by Lynn Little
From a health standpoint, vegetables are a five-star food group: naturally
nutrient-rich; better tasting than a vitamin pill; low in calories and fat;
cholesterol-free; and packed with disease-fighting phytonutrients.
A study in the November Journal of Nutrition emphasizes the double benefit
of vegetable intake. Volunteers who ate vegetables consistently for two
weeks had higher blood levels of vitamin C - and lower levels of some
compounds that impair health. In this study, the vegetables were eaten as
gazpacho, an antioxidant-rich soup of tomatoes, cucumbers, green peppers and
To maximize your health with vegetables, nutrition experts suggest at least
three to five servings per day - in a rainbow of colors. All types of
vegetables can be nourishing and delicious - fresh, frozen, canned and
juiced. Hearty soups and stews are a great way to enjoy veggies on frosty
winter days. Other ways to bump up your intake during cold and flu season
include: crunchy carrots for a snack at school or work; a tossed spinach
salad at lunch or dinner; and a quick-to-cook side of frozen broccoli in the
Here are a dozen vegetables and ways to enjoy them, at the same time,
treating yourself to good health:
· Broccoli and cauliflower: They are versatile and very healthful. Eat them
raw (with dip if you like) or cooked, in a salad, or even a slaw.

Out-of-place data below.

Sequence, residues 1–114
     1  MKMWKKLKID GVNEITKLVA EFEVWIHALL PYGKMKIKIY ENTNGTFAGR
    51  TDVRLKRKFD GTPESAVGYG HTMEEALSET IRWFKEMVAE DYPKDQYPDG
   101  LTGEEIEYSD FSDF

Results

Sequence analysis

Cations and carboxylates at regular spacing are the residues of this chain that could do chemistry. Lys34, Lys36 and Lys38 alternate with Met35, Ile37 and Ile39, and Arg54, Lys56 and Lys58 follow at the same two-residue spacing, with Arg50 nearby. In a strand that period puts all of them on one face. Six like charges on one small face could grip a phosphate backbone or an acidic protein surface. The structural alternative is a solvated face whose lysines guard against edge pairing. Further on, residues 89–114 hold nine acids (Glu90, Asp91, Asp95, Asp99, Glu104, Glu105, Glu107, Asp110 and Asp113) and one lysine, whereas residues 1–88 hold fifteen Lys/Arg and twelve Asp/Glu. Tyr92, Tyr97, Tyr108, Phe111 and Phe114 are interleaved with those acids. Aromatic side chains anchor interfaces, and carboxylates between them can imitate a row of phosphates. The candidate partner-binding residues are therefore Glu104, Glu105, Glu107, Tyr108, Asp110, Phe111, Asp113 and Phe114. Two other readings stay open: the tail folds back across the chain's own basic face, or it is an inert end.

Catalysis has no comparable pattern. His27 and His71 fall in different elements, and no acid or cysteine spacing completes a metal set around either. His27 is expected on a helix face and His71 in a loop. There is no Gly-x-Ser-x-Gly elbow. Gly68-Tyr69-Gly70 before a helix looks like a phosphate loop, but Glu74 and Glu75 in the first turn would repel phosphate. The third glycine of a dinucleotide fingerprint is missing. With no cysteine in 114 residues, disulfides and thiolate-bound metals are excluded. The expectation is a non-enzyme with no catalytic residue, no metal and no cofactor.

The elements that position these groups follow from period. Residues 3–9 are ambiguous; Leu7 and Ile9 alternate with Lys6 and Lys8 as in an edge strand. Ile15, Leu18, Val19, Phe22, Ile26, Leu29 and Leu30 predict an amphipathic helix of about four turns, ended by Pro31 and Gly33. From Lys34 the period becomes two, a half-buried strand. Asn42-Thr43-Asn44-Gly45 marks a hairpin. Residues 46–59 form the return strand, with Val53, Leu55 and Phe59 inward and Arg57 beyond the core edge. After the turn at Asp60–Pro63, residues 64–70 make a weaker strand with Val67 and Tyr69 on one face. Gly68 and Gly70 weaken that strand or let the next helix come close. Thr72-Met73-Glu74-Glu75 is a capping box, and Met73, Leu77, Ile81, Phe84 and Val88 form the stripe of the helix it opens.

· Carrots: They're sweet, crunchy, and good for your teeth, eyes and heart.
They're perfect raw (as a snack or salad) or cooked in a stew.
· Peppers: They come green, red, yellow, orange, even purple. Enjoy peppers
in a salad, stir-fry, casserole or as a snack.
· Spinach: A salad of baby spinach leaves with pears or apples can turn
anyone into a real spinach lover.
· Onions: The zesty onion family (scallions, leeks, and garlic, too) offers
some powerful antioxidant nutrients.
· Peas: Fresh, frozen, or even canned, peas are a treat to eat, and they are
popular with small children.
· Beets: If you've never liked beets, try them in a new way - roasted,
grilled or lightly steamed in the microwave.
· Sweet potatoes and yams: Switch the color on your usual baked potato - and
you'll get a lot more nutrients, along with great taste.
· Mushrooms: Just a mushroom or two adds rich flavor to a casserole, soup,
stew, stir-fry, or even a tossed green salad.
· Leaf and romaine lettuce: Rule of thumb for a healthy salad: The darker
green or red the lettuce leaves, the more nutrients you get.
· Green, yellow or purple beans: Like their pea "cousins," beans offer some
fiber and a bit of protein, along with vitamins and minerals.
· Tomatoes: Cooking increases the availability of some tomato nutrients - so
enjoy canned sauce, paste and chunks.
Eating more vegetables (and fruits) might be one of the smartest choices you
can make. Eating at least five servings of produce a day helps fight
cardiovascular disease, diabetes and cancer, as well as everyday colds. It
also helps maintain your eyesight and improve overall health at the same